[Princeton, the day after Dean's Date and after my soul felt so much lighter to get rid of those papers.]
I can hear you all cheering. Thank you, thank you.
But before you cheer too much, can I get real for a second? This semester was one of the hardest semesters of my academic career. (It's up there with the first half of second grade, which, yes, totally counts as part of my academic career, and which, as my mother will attest, was incredibly hard.)
Hard doesn't mean awful. (Though, to be honest, there have been some pretty awful things this semester--like getting double pneumonia halfway through the semester. That was the definition of pretty awful.) But it does mean hard. Moving across the country is hard. Reading 1500-2000 pages a week is hard. Making new friends is hard. Dealing with imposter syndrome is hard. Figuring out a new schedule is hard. Wondering if you've made the right decision is hard.
I'm not chronicling these as a tale of woe. Nor was this semester only full of hard things. Because making new friends is also exciting. Exploring a new place is thrilling. Challenging classes are also intellect-stretching. And there were (and are) moments when I stand in the courtyard between the Firestone Library, the Princeton University Chapel, and Chancellor Green and think, "Wow. I'm actually here."
But I mention what is hard because I hope that for someone, it is helpful to hear and realize that they're not alone.
Because I know how scary it can be to admit that things are hard. It is especially scary when it seems like everyone else knows exactly what they're doing.
But most of us are just barely hanging in there, too. This is at least what I've gathered from friends I've talked with (inside and outside of Princeton). We're all just making it through and figuring this out as we go--all of us are scared and no one knows exactly what they're doing. And there is power in that solidarity. (Even if it is shared suffering, there is power in that.) And supporting each other in the unknown, uncertain, and unfair is a brave thing to do.
There's a picture I discovered recently by the artist Caitlin Connolly. I really, really love her work for a variety of reasons. But one reason I like her artwork is because of its unique simplicity. This one is a sketch called, "I'm Doing a Normal Brave Thing."
I'm doing a normal brave thing.
I like the tension in this sketch--her head points one way while her feet walk in the other direction. Sometimes, our head desperately wants to go back to the way it ways, but our feet carry us forward. Also, sometimes things that appear normal to us appear brave to others. Sometimes things that appear brave to us seem normal to others.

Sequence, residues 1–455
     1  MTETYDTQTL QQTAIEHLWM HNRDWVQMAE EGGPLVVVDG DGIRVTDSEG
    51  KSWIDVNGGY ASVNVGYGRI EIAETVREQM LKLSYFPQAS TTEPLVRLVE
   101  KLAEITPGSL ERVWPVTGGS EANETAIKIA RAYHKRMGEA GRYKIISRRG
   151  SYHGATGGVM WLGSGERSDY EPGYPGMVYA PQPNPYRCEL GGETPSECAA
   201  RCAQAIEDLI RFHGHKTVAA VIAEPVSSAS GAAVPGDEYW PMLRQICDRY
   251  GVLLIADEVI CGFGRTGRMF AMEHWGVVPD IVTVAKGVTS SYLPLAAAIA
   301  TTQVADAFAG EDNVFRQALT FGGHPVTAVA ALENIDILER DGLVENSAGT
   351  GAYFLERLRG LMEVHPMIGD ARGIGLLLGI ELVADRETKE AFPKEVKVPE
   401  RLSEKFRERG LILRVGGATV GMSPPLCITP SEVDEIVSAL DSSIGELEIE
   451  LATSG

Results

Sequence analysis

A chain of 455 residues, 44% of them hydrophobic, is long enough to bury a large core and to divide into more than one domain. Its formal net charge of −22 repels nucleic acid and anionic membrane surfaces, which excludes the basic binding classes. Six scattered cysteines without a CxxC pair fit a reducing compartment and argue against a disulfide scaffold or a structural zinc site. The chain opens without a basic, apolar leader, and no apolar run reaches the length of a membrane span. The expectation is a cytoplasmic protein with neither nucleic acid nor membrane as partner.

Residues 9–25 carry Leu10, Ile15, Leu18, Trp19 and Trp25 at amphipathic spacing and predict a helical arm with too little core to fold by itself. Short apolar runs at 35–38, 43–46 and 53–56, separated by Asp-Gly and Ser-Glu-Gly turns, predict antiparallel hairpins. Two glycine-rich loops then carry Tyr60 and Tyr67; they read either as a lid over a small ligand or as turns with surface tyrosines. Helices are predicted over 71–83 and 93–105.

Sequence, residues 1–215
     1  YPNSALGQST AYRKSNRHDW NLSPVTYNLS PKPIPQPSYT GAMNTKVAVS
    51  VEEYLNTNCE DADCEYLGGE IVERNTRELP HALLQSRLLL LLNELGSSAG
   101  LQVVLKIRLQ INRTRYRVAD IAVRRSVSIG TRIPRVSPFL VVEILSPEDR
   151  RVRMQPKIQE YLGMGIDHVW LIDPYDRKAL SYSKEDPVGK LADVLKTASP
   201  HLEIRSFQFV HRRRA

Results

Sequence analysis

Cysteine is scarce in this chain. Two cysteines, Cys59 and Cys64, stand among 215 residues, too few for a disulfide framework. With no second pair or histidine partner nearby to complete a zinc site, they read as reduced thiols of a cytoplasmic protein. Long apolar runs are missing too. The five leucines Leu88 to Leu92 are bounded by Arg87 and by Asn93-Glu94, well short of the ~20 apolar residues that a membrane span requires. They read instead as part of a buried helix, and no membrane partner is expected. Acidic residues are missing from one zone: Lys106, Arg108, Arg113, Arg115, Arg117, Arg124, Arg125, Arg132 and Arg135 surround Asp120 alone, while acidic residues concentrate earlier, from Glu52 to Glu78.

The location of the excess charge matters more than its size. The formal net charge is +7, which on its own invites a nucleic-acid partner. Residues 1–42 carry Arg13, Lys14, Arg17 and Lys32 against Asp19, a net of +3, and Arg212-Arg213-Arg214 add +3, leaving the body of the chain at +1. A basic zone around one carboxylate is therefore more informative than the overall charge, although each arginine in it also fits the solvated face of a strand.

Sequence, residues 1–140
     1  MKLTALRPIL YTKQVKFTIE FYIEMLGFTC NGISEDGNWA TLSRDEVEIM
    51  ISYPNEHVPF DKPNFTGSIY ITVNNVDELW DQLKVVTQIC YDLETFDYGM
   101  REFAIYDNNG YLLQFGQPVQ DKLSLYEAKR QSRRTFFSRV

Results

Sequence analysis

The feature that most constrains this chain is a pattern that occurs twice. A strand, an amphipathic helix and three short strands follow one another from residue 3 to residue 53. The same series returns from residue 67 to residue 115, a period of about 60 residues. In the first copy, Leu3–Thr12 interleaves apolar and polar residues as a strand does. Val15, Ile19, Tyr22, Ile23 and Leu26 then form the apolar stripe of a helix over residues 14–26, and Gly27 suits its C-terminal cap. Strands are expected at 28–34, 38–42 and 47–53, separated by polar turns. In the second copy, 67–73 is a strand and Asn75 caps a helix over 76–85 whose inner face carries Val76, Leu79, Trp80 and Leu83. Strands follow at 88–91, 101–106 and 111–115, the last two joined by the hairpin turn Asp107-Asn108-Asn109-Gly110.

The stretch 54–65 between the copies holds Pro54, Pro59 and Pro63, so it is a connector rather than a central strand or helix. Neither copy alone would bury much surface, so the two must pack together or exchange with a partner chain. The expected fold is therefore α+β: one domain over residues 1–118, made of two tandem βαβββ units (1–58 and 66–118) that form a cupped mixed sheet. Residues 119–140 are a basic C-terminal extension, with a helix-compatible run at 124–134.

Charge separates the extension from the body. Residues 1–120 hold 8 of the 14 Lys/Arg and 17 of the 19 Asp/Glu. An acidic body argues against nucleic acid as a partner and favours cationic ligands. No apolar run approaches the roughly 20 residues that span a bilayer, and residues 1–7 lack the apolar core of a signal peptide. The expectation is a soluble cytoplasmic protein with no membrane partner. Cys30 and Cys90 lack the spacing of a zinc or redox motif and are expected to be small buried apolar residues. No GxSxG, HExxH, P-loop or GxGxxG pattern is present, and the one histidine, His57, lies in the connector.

I also like the quiet repose on her face. This is just life. This is normal. The tension is normal. The uncertainty is normal. But so is the peace which comes from quiet bravery--by choosing to live with those tensions and ambiguities.
I've thought about that phrase in the past few months, and how it applies to so many stages of life: I'm doing a normal brave thing. I'm going to school. I'm learning how to drive. I'm experiencing heartbreak. I'm learning to love again. I'm traveling somewhere across the globe to visit a friend. I'm driving across the neighborhood to help a stranger. I'm listening. I'm forgiving. I'm living.
The tension is real. The uncertainty is real. The desire to turn back is real. But so is the desire for change, mobility, possibility, and success.
Living life--and choosing to live life deliberately--is a normal brave thing.
But for me, it's both normal and brave. Normal, in that so many people have done this and so many will do it in the future. I'm part of a continuous line of students that have done hard things--and harder things. I'm a normal part of this circle of PhD life.
But it's brave in that I'm the first woman in my line of women--from mothers, grandmothers, great-grandmothers, etc.--to pursue a PhD. It's brave in the way every story is unique and every challenge is new, since I have not done it before. It's brave in that it takes resilience and hope to keep moving forward.
Coming back onto campus after Christmas Break, I did feel hopeful. As I walked past Dickinson Hall, I felt a sense of, Yes, this is where I need to be and it is right. It's a feeling that gives me courage.
I'm sure that this coming semester will be hard, too. It will be easier in some ways and harder in different ways than my first semester. But I believe I can do it. And I believe that all of us--no matter our challenges this year--can face the new year with bravery.